Can the Affective Response to Exercise Predict Future Motives and Physical Activity Behavior? A Systematic Review of Published Evidence

Ann Behav Med. 2015 Oct;49(5):715-31. doi: 10.1007/s12160-015-9704-5.


Background: Consistent with hedonic theories of behavior, the affective response to physical activity has been posited as an important determinant of future physical activity; yet, we are unaware of an overview of evidence regarding this relationship.

Purpose: The purpose of this study was to review the published literature regarding whether the affective response to physical activity relates to future physical activity behavior and key motivational constructs.

Methods: A systematic review following PRISMA guidelines was undertaken.

Results: Twenty-four studies met the inclusion criteria. A positive change in the basic affective response during moderate intensity exercise was linked to future physical activity, but postexercise affect had a null relationship. Affective responses during and after exercise had a relatively negligible relationship with intention, mixed results for self-efficacy, and a reliable correlation with affective judgments about future physical activity.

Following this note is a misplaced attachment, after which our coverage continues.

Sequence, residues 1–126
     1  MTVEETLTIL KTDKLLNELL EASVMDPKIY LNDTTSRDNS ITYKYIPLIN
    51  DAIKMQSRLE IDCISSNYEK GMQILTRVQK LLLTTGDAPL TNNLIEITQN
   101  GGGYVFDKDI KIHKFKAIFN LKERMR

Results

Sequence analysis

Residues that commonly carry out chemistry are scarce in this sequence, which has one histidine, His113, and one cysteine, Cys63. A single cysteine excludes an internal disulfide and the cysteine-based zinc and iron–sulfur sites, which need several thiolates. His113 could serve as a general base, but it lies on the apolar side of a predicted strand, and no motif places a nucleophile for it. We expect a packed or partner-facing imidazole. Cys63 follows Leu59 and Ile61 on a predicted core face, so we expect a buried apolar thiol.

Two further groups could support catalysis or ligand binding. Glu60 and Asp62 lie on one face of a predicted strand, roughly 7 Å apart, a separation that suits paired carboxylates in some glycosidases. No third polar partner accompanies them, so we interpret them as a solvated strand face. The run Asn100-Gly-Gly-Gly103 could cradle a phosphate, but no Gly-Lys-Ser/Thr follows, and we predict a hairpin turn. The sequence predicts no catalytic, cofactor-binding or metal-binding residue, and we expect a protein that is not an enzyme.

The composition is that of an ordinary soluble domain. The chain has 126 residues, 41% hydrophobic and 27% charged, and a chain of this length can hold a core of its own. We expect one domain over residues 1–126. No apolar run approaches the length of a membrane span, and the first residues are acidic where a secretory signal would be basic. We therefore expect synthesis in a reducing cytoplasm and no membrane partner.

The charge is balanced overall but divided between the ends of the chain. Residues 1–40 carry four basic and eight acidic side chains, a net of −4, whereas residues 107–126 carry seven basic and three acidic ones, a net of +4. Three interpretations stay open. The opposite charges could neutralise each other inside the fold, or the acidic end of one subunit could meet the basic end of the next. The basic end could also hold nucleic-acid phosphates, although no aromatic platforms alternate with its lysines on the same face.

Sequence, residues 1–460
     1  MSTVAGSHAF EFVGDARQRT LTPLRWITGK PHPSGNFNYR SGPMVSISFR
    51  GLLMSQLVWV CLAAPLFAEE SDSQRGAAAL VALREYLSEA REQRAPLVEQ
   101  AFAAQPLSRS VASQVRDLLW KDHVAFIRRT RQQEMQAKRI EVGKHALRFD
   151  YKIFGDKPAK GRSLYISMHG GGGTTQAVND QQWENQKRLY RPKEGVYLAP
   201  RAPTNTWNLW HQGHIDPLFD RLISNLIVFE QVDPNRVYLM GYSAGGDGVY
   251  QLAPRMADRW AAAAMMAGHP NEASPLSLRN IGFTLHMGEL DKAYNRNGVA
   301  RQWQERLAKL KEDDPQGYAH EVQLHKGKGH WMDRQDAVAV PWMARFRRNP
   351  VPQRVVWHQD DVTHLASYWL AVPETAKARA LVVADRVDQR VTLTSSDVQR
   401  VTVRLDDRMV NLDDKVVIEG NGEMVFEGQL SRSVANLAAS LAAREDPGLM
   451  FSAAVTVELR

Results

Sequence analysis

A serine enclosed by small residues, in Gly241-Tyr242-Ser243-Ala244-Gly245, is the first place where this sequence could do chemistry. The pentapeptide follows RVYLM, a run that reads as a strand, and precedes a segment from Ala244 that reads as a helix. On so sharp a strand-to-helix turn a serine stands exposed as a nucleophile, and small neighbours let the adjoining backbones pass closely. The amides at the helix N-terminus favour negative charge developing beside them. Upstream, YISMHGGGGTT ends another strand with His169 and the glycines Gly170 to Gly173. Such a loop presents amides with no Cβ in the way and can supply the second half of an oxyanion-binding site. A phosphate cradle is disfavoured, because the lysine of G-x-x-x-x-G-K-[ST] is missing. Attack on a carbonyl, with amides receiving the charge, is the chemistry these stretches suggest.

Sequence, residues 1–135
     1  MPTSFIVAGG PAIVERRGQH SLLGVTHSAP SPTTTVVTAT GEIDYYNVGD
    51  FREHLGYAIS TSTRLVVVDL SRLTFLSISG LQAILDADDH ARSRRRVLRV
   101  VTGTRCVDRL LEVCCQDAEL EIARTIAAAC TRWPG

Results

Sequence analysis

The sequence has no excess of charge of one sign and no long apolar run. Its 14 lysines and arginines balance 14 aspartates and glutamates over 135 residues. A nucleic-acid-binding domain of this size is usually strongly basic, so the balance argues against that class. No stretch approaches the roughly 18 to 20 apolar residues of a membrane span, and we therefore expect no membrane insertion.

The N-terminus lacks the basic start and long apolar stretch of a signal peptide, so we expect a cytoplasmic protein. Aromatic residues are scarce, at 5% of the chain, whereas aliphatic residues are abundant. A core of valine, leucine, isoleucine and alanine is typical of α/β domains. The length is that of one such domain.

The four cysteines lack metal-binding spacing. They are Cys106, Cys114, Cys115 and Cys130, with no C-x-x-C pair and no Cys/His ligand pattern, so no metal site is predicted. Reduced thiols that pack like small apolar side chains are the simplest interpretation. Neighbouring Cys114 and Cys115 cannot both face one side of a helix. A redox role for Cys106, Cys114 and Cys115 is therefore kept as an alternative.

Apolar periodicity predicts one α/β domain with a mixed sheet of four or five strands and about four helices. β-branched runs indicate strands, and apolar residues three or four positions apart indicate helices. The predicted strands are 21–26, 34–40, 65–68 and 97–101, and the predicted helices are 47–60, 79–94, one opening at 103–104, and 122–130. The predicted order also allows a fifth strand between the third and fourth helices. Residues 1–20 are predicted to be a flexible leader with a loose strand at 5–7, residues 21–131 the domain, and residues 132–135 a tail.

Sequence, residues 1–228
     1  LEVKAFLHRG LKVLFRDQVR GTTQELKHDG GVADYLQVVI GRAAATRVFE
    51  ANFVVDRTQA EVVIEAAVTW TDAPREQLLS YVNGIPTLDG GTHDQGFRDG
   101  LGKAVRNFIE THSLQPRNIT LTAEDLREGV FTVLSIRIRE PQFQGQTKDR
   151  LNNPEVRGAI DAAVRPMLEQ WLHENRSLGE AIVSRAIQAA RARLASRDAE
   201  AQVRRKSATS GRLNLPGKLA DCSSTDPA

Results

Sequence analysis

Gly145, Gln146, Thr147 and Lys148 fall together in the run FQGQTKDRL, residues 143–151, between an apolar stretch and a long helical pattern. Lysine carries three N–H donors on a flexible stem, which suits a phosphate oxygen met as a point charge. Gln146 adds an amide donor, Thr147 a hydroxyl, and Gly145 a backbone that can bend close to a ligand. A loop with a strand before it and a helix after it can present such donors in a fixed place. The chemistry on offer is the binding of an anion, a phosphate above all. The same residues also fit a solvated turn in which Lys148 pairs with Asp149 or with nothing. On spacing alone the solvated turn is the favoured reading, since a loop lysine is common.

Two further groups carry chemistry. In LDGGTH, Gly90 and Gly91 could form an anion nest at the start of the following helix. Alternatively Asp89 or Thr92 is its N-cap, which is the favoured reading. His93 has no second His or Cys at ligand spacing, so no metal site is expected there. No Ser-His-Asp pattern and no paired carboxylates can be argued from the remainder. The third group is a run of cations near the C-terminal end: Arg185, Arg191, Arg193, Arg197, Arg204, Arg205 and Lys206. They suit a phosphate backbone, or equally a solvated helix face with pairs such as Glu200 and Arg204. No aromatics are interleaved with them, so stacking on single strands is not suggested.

Discussion: The findings support the basic premise of hedonic theory. Practical application studies with a focus on sustained behavioral interventions are warranted.

Publication types

  • Research Support, Non-U.S. Gov't
  • Review
  • Systematic Review

MeSH terms

  • Affect*
  • Exercise / psychology*
  • Humans
  • Intention
  • Motivation*
  • Self Efficacy